Flat and bright

Lately, I’ve been thinking a lot about a cover story SN&R published in August 1999 titled “The Unbearable Flatness of Being.” Former contributor and editor Ralph Brave wrote the terrific piece—a kind of reported confession from a non-native son struggling to live in the mercilessly horizontal world of Sacramento. In his musings, Brave asked a key question: “If you live in a flat place for a long time, does the flatness enter your soul?”

In search of an answer, Brave interviewed writers, scientists and artists, such as the renowned Wayne Thiebaud. The painter told him he thinks discontent with the flatness is a kind of “discomfort with the sense of spatial infinity that the Valley can have,” wrote Brave.

Why has that story come back to the front of my brain six years later? It’s because it has a resonance with a cover story SN&R writer Chrisanne Beckner has been working on (see “Paint your valley”) concerning a new crop of landscape painters who believe that Sacramento’s landscape offers a subtle, natural charm that is, well, utterly beautiful. Indeed, many of these artists believe they are part of a movement, a “school” of Sacramento Valley landscape painters, who paint the Valley precisely because of its special infinity, its wide-open flatness.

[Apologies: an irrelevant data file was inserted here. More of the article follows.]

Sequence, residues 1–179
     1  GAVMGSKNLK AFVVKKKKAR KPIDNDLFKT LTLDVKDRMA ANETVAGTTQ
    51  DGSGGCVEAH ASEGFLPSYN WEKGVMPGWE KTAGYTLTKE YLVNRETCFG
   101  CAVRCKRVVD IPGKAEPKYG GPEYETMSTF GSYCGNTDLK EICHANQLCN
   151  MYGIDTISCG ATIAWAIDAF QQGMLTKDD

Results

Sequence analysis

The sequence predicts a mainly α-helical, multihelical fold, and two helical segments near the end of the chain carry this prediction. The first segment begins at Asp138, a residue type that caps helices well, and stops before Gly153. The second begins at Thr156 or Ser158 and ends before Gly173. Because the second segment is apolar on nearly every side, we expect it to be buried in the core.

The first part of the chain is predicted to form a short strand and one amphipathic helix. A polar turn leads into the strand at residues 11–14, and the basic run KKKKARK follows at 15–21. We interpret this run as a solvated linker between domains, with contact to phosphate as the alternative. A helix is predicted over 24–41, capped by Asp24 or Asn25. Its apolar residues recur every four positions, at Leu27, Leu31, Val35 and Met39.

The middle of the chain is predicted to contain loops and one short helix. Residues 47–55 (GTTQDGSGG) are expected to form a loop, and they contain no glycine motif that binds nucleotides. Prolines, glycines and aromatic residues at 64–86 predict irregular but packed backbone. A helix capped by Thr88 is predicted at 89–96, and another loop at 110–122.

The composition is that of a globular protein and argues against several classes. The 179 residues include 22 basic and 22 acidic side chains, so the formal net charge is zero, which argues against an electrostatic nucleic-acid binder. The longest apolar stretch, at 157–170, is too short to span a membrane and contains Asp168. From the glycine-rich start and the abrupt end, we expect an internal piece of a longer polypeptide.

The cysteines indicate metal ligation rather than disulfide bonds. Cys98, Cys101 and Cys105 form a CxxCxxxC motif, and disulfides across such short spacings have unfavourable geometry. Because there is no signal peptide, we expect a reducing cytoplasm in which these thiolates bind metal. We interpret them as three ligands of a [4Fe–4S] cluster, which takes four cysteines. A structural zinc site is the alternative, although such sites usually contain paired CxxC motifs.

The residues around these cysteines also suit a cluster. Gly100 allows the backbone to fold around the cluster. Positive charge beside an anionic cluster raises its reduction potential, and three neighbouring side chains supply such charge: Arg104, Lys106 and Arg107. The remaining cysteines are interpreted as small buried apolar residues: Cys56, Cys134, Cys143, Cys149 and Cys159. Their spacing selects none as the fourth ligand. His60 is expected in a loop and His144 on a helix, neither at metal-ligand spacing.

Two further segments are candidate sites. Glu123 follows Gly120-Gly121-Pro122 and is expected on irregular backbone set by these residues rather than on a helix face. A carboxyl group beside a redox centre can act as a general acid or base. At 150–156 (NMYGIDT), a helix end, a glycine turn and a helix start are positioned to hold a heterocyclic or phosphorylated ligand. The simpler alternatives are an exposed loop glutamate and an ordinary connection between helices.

For her story, Beckner entered the studios of five landscape painters, some of whom trained under Thiebaud or that other local painting legend, Gregory Kondos. The interviews reveal a reverence for our region that we don’t hear articulated often from artists or anyone—a kind of refreshing affection for riverbanks, agricultural fields, the occasional water silo and lots of flat, flat spaces.

Davis gallery owner John Natsoulas thinks landscape artists paint here because of the colors and the contrast—the “bright, bright, bright white light.” Here’s hoping that, along with all the flatness, the brightness also enters our souls.